#GivingTuesday’s Growing Reputation Leads to Surge in Donations
The noncommercial alternative to Black Friday involved a much larger number of charitable nonprofits this year, and the results suggest that the social-media-driven event might be the future of donation drives.
The noncommercial alternative to Black Friday involved a much larger number of charitable nonprofits this year, and the results suggest that the social-media-driven event might point to the future of donation drives.
Charitable giving never really went out of style, but with the help of some counter-programming, it’s having a bit of a moment.
The second annual #GivingTuesday, held earlier this week, led to a surge in donations for nonprofits that took part. The success of the campaign, created in reaction to shopping-themed Black Friday and Cyber Monday, suggests the idea has legs.
A day for giving: The event, held on the first Tuesday after Thanksgiving, was launched by New York City’s 92nd Street Y and the United Nations Foundation last year. The aim: to connect potential donors with charities. That first #GivingTuesday was more grassroots in nature, but the event spurred donations for the charities involved and even helped some build fundraising momentum for the entire year. Following that success, the 2013 event had more participants—and more centralized organization.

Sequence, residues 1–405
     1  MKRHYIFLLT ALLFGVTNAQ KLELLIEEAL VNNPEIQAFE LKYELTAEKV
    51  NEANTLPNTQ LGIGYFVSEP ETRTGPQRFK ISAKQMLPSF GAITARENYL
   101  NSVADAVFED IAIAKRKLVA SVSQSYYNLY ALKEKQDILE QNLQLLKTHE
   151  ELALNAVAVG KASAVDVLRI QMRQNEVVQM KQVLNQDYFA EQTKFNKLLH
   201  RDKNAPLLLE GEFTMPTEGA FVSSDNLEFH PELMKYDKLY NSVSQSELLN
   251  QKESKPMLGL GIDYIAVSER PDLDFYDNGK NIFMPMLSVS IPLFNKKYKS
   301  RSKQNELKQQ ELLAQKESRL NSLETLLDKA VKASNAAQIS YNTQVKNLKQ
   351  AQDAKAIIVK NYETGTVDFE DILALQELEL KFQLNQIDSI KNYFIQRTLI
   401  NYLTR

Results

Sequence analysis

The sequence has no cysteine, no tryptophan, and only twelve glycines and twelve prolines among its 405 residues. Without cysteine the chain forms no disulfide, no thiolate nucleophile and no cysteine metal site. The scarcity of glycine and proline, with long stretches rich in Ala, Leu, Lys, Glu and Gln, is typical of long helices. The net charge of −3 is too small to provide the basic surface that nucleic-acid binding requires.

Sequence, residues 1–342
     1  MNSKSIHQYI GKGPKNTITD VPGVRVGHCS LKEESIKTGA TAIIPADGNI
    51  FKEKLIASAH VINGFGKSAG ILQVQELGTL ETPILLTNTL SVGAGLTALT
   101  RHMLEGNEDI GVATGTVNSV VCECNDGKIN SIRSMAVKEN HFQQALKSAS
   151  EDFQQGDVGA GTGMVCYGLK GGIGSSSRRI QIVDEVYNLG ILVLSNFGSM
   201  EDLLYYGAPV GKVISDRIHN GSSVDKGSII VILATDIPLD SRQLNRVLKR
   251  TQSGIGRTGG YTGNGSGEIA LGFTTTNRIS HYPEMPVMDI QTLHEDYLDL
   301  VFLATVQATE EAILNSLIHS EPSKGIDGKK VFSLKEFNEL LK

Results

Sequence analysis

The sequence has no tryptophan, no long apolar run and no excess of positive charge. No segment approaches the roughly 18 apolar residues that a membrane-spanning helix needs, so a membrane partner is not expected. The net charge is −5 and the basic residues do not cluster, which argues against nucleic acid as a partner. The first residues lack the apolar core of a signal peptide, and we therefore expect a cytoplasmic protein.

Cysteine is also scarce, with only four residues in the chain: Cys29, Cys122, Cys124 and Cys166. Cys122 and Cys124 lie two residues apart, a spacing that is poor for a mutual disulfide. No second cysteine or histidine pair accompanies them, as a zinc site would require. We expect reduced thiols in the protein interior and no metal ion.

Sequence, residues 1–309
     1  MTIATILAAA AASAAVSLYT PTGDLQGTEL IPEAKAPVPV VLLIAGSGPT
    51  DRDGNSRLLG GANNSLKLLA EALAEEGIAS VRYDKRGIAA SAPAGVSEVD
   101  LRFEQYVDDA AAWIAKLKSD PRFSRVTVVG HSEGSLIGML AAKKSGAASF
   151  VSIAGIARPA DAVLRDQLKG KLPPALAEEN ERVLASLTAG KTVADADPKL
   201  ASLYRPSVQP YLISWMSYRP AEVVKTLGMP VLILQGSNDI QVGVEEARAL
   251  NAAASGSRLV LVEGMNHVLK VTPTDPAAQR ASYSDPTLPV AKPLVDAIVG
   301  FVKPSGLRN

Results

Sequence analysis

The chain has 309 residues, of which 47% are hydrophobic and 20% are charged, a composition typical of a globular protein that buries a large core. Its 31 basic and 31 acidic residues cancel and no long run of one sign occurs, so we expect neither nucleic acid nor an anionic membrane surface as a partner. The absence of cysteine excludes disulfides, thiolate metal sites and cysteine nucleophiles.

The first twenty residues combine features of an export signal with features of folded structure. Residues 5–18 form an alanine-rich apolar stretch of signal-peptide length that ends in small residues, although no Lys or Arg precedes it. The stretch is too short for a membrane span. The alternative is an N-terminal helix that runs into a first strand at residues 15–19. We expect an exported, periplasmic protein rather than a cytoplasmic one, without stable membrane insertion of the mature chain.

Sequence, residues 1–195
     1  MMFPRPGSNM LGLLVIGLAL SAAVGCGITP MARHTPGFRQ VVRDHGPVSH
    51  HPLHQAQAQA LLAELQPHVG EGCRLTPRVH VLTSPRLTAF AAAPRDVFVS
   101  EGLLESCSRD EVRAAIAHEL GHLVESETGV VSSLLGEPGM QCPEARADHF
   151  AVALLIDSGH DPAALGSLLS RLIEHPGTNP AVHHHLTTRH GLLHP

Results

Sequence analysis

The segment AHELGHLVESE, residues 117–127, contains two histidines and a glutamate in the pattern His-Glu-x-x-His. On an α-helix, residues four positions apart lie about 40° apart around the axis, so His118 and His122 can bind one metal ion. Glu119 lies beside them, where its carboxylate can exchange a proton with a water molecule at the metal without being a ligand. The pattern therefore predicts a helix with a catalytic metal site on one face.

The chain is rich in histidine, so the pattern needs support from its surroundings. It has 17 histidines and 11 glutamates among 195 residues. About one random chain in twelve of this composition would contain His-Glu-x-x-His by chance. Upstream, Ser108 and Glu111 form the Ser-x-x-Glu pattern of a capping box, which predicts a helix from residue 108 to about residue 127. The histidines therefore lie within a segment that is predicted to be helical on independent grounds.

A surge in growth: With more than 10,000 charities taking part this year—a huge jump from the 2,600 in 2012—many reported record numbers of people donating to their causes in a single day. The Los Angeles Times reports that a charity affiliated with the United Methodist Church, the General Board of Global Ministries, pulled in $6.5 million on Tuesday, more than 10 times the nonprofit’s previous one-day record. According to Blackbaud, a charitable nonprofit software provider and a partner in #GivingTuesday, donation levels were 90 percent higher than the previous year, with $19.2 million going through the company’s donation systems. Other donation processing companies, including DonorPerfect and Network for Good, reported similarly positive results.
Assessing long-term potential: The one-day event could signal a big turning point for nonprofits, one industry analyst says. In an interview with Forbes contributor Tom Watson, Blackbaud Idea Lab Director Steve MacLaughlin said the current trends suggest more potential in the coming years. “I believe that #GivingTuesday is at the beginning of the beginning of a movement,” he said. “The 90 percent increase in online giving that Blackbaud saw compared to last year certainly suggest[s] this wasn’t a one-time fad. I suspect that five years from now [we’ll] really know if this has become a part of the U.S. or even global movement towards philanthropic giving.”
While conceding some weaknesses in the model—that it favors social-savvy nonprofits over older groups, for example—MacLaughlin says that, with donors choosing to contribute to fewer organizations, focused days could help change the model for the better in the long run. “The nonprofit sector needs to embrace bigger and broader ways to engage with existing and potential donors,” he told Watson. “This is why #GivingTuesday has the potential to be such an important movement.”